The federal government employs many people who live in Virginia. As a result, many jobs in Fairfax County and the greater Washington D.C. area require security clearance. A drunk driving or DUI conviction can affect your ability to obtain or renew a security clearance, and if your security clearance is denied, your employment could be in jeopardy.
Can You Lose Your Job Because of a DUI?
It depends. You may or may not need to disclose DUI charges to your employer in Virginia. However, a DUI conviction will appear on your criminal record.
The government will conduct a background check when you apply to obtain or renew a security clearance.
Your first DUI conviction may not disqualify you from receiving security clearance. Typically, a first offense is classified as a misdemeanor. A second conviction may also be a misdemeanor. While a DUI conviction does not automatically mean someone will be denied a security clearance, it is included as part of the review process and could impact security clearance in some cases.Subsequent drunk driving offenses may be felonies. A first and second offense that results in injury or death may also be a felony. If you become a convicted felon based on DUI charges, you may not be eligible for security clearance and may lose your job. A jail or prison sentence of over a year may also disqualify you from receiving security clearance.
Examples of Jobs With Security Clearance
Security clearance is necessary for many government jobs that need access to classified information.Many jobs in Virginia, from Chesapeake to Norfolk, require security clearance. Examples of government agencies and careers affected include:
- Department of Defense
- Department of Homeland Security
- Department of Health and Human Services
- Department of Veterans Affairs
- Federal Bureau of Investigation (FBI)
- Environmental Protection Agency (EPA)
- Federal Communications Commission (FCC)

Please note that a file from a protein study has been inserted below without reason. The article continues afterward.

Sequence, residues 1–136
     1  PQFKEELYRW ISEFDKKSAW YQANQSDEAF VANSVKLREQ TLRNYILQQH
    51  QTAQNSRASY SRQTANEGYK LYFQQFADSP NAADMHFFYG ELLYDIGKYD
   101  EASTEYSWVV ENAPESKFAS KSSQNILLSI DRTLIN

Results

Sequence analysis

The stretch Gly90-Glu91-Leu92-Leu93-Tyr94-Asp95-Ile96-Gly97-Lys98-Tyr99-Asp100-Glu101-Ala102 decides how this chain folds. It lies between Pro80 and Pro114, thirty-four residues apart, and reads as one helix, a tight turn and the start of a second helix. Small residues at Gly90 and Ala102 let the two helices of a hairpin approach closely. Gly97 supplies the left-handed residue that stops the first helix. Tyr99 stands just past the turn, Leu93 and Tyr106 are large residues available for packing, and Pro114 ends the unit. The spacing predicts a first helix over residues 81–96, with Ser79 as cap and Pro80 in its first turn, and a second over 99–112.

- Military personnel
- Defense contractors
Three Levels of Security Clearance
There are three levels of security clearance. As access to confidential information increases, so does the level of scrutiny.
Confidential Security Clearance
This is the lowest level of federal security clearance. It allows access to material that may cause measurable damage to national security. An applicant undergoes a thorough background check to obtain a confidential security clearance. The government may look into your criminal, education, and employment history. A confidential security clearance is renewed every 15 years.
Secret Security Clearance
This is the middle level. It allows access to information that may cause grave damage to national security. A secret security clearance requires a similar background check as a confidential security clearance, and it needs to be renewed every 10 years.
Top Secret Security Clearance
This is the highest security clearance level. People with top-secret security clearance have access to materials that may cause disastrous damage to national security. A top-secret security clearance requires a similar background check as the other two levels. It also involves a field check and Single Scope Background Investigation. In some cases, applicants may undergo a polygraph test. A top-secret security clearance is renewed every five years.
How a Criminal Defense Lawyer Can Help
You likely have many questions about what happens after a DUI arrest. While you may be presumed innocent until proven guilty, a DUI arrest still impacts your security clearance and may put your job and livelihood at risk.
Every security clearance review is different and needs to be handled on a case-by-case basis. Therefore, consulting with a skilled DUI defense attorney as soon as possible is essential. James Short has experience spanning hundreds of Virginia DUI cases and is ready to help you.